Are you thinking about filing for bankruptcy? If so, there are several things you should consider prior to making any life-changing decisions, such as a bankruptcy.
1. Learn which chapter of bankruptcy is best for you.
The two most common types of bankruptcies that are filed in California are Chapter 7 and Chapter 13. You should understand the fundamental differences between the above two chapters regardless of which chapter you end up filing.
A Chapter 7 is a liquidation bankruptcy in which a Court appointed Trustee will review your financial situation including liabilities and assets and liquidate your assets in order to pay your creditors. For most of our cases, we are able to fully protect a client’s assets and prohibit a trustee from liquidating the assets.
A Chapter 13 is a reorganization wherein a client will enter into a payment plan in order to pay certain debts back over a 3 to 5-year payment period. Some factors that go into your monthly payment amount are items such as income, assets, disposable income, and types of debt.
2. Understand the income eligibility requirements to file.
Once you understand the different chapters in bankruptcy, it’s not just as simple as choosing which chapter you like better and then filing it. Several factors go into determining which chapter you can and should file, none being more important than income. In order to file a Chapter 7 bankruptcy, your household income must be under a certain threshold. If your disposable income is too high based on the Court’s standard, you are not eligible for a Chapter 7. Moreover, in order to confirm a plan in a Chapter 13, your household income must support the projected payment amount. If you cannot show that you will be able to afford the payment, your Chapter 13 case cannot succeed.
3. Consider whether you will be able to keep your vehicle.
Whether you will be able to keep your vehicle through the bankruptcy will be a crucial piece of information you should understand prior to making a decision. Some factors that will be considered when making that determination are whether your vehicle has equity in it and if so, how much; whether your vehicle and other assets are fully exempt; whether you are current on the monthly payments.
4. Consider whether you will be able to keep your home.
Similar to your vehicle, what you want to do with your home will affect which chapter you end up filing. A lot of people use the Chapter 13 reorganization in order to pay back delinquent payments through the Court administered Chapter 13 plan. This is a great way to avoid foreclosure proceedings.
5. Realize the intrusiveness of filing for bankruptcy.
Regardless of which chapter you end up filing, be aware that filing for bankruptcy will require you to disclose several pieces of information to the Bankruptcy Court, the Trustee administering your case, and your creditors, such as the amount of your income, the value of your assets, the monetary amount of your debts, and other related items.
6. Keep in mind that a co-signer could be indirectly affected by your bankruptcy.
Even though you are not required to inform a co-signer of a debt prior to filing your bankruptcy, you should consider how that co-signer would be affected if you do file. By you filing for bankruptcy and ultimately getting a discharge, you will have eliminated your personal obligation on that debt. However, the person who co-signed for you likely can still be liable for the full balance. For example, if you file bankruptcy and discharge $10,000.00 that you owe from a repossessed vehicle, if there was a co-signer on that obligation, the creditor could still go after them for the full balance.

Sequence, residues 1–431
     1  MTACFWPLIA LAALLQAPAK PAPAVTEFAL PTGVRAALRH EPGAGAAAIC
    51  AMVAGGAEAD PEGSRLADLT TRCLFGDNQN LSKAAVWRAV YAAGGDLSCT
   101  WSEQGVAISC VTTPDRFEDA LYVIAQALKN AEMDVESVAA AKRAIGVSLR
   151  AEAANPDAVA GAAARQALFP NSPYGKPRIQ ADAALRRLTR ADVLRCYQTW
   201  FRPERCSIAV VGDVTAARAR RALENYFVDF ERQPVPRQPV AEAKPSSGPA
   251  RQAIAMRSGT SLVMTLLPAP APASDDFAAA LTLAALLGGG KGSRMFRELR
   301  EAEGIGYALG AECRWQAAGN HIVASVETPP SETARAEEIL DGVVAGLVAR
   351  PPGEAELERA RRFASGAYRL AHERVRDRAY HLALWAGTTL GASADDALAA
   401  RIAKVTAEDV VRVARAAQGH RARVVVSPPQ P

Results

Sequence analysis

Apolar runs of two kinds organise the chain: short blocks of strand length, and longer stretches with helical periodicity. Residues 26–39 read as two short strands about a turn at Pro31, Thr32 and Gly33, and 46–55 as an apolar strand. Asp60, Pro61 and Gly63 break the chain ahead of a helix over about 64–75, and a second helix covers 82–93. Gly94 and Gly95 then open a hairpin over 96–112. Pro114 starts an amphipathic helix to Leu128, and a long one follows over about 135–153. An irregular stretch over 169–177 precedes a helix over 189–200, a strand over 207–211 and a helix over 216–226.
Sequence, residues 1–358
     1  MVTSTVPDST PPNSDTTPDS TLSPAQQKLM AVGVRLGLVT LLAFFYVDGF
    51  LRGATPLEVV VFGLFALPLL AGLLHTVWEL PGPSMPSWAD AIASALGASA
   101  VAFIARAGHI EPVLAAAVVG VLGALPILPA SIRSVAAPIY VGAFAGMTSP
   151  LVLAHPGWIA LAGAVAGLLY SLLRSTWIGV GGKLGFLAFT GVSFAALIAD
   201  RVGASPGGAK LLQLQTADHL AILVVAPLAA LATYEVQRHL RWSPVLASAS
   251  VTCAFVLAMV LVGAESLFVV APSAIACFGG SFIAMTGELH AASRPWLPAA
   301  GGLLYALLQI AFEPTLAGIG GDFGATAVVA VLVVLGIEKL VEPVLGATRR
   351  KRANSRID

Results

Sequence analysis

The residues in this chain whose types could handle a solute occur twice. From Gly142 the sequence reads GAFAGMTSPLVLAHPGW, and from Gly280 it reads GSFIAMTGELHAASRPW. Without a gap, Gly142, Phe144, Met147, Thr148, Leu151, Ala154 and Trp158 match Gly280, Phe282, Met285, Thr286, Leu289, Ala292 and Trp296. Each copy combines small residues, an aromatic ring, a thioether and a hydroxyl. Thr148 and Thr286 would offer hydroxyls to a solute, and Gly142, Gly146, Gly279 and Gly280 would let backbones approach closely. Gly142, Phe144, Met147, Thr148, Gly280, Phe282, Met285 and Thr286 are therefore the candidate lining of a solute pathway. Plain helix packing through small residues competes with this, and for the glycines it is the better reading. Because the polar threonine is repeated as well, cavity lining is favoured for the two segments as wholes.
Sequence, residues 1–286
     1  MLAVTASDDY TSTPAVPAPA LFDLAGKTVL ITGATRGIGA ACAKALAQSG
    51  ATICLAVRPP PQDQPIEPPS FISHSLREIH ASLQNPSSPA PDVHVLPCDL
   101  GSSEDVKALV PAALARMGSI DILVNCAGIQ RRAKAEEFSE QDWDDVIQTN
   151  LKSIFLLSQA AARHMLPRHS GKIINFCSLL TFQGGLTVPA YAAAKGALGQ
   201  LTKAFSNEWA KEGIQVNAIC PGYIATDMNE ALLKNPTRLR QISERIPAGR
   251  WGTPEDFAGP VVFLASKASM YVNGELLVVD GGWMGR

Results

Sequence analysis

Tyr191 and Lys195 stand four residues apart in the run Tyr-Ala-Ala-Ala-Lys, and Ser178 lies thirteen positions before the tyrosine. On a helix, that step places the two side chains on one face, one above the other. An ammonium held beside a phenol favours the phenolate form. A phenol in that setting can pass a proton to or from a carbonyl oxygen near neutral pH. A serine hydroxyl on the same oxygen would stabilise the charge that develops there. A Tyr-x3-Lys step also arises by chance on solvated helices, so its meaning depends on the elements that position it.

7. Learn what debts will be eliminated in your bankruptcy.
Not all debts are created equally when filing a bankruptcy. Some debts are eliminated and some survive the bankruptcy. It is smart to know which of your debts will actually be eliminated. Some common debts that aren’t discharged in bankruptcy are child support payments, alimony payments, recent tax payments, and student loans.
8. What happens to your credit cards?
Clients commonly ask whether they are allowed to keep a certain credit card out of the bankruptcy and continue to use it. Unfortunately, you are required by law to disclose all debt that you owe in your bankruptcy filing. Further, even if you have a credit card that has a 0 balance, the credit card company will very likely close it down once they are made aware of your bankruptcy case.
9. Are you being sued by anyone?
If you have been sued by a creditor, your situation is likely more urgent than someone who has not. Filing an emergency bankruptcy should be considered when you have been sued by a creditor or when you have a creditor attempting to garnish your wages.
10. Consider the costs that you will face when filing.
There are generally 3 direct costs of filing for bankruptcy: attorney fees, court fees, and credit counseling/financial management fees. Since money is likely tight if you are even considering a bankruptcy, talking to an attorney sooner rather than later will allow you time to gather and pay the necessary fees. Our office offers payment plans for clients in order to assist them during this difficult time.
What should you do now?
If you are considering filing for bankruptcy relief and would like to discuss your situation with a qualified professional, call Sacramento Bankruptcy Lawyer, at 916-800-7690 to set up your FREE consultation with local Sacramento Bankruptcy Lawyer Pauldeep Bains.
Sacramento Bankruptcy Lawyer, helps clients in the following areas: Sacramento, Elk Grove, South Sacramento, West Sacramento, Natomas, Citrus Heights, Antelope, Fair Oaks, Gold River, Rancho Cordova, Roseville, Rocklin, Lincoln, Wheatland, Yuba City, Marysville, Woodland, Davis, and Lodi.